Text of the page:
Customer experience can be a competitive differentiator for life insurers, and many of them are making strategic investments in customer experience across the enterprise to bolster business growth. These investments in people and technology are providing the 360-degree view of their customers that’s needed to uncover new opportunities. At the same time, they’re enabling a better experience for customers and employees, which is helping to drive business results.
Transforming customer portals into digital customer engagements
The customer portal is an insurance staple that’s long overdue for an overhaul, especially now as consumers embrace digital technologies. Specifically, it needs to shift from transactional to experiential and personal if insurers are to meet the rising expectations of this next generation of insurance buyers. And whomever is first to meet the needs of these potential and existing policyholders, will win their business and perhaps even their loyalty.
One way to quickly transform the
As we move into a new phase of innovation after the disruption caused by the COVID-19 pandemic, insurers need to look ahead to determine what their technology priorities should be today. Our 2022 Technology Vision report focuses on the expansion of the digital world and the increasing overlap between physical and virtual reality. One of the trends I think is most relevant to insurance carriers is Accenture’s vision for the Programmable World.
In the report, Accenture found that 74% of global executives said that the number of IoT or edge devices deployed in their organizations significantly expanded over the past three years. With that data in mind, insurers need to understand how their products and customer interactions can stand out in an increasingly digitalized reality.
If insurance leaders want to pull ahead, they need to focus on functionality rather than novelty. A truly programmable world will rely on robust technology
Within the insurance industry, we understand that in order to remain relevant and retain market share we need to be agile, innovative and adopt new technologies. From a technical point of view, this means that insurers need to be able to adapt their enterprise architecture quickly and sustainably in order to reinvent themselves and grow. However, in an industry rife with legacy architecture, systems modernization is a pressing problem. How can insurers design future systems that both uphold the legacy they have created and integrate into the modern world?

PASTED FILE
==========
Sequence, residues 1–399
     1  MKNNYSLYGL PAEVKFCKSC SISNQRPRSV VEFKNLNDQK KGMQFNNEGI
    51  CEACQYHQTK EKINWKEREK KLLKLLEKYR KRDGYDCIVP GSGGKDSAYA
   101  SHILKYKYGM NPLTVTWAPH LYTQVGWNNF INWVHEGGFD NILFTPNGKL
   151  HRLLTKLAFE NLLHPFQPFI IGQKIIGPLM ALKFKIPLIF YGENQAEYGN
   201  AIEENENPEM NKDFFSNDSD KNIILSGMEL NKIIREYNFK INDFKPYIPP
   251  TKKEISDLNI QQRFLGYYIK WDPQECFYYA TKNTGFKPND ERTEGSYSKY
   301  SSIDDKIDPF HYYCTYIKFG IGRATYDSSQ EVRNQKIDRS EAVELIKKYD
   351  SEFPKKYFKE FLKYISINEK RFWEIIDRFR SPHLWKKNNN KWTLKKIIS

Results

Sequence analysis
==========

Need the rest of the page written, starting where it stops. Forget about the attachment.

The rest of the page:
Accenture is working alongside its insurance clients to address this challenge. The result is a new frontier in how technological infrastructure is built.
Insurance architecture design is changing
We need to change how insurance architecture is designed for greater agility and growth. This is not confined to our industry alone. Across all industries, there is a seismic shift from inflexible, monolithic
This post is part of a series sponsored by IAT Insurance Group.
Historically high inflation, a looming recession and serious supply chain struggles continue to plague fleet owners and owner-operators who are the backbone of our economy, moving 72% of the nation’s freight.
Consumer spending is showing signs of slowing and an economic downturn or full-scale recession would significantly impact freight demand and margins. Although that lower demand could help alleviate some of the pressure of the fleet driver shortage, smaller fleets are likely to feel more pain.
While larger fleets, with shipper contracts, will typically weather the economic storm, some will be forced to park trucks and reduce staff. With an estimated driver shortage of 80,000, some fleets will have an opportunity to expand as there will be less competition for quality drivers.
While significant, these strong economic headwinds represent only of a few of the challenges
As insurers look to the next horizon of expansion with an inclusive and diverse approach, there are a number of opportunities influencing scale potential including acquisitions, capital investments, the metaverse and the emergence of insurtech 2.0.
In this month’s Insurance News Analysis, Joanne Laffan and I discuss how a pre-scale insurer like Lemonade is planning to leapfrog its competitors through its recent acquisition of Metromile, a pay-per-mile car insurance company.
With the advent of Ethereum Merge in an effort to combat the carbon-intense energy consumption from blockchain in cryptocurrency, we discuss what it means for insurers’ capital investments as they’re trying to stay on top of both new technology and net zero targets.
We also discuss some of the early ways we expect to see the metaverse impact insurers’ operations and their customer and employee experiences. Plus we focus on the implications of so-called ‘insurtech 2.0’ which emerged as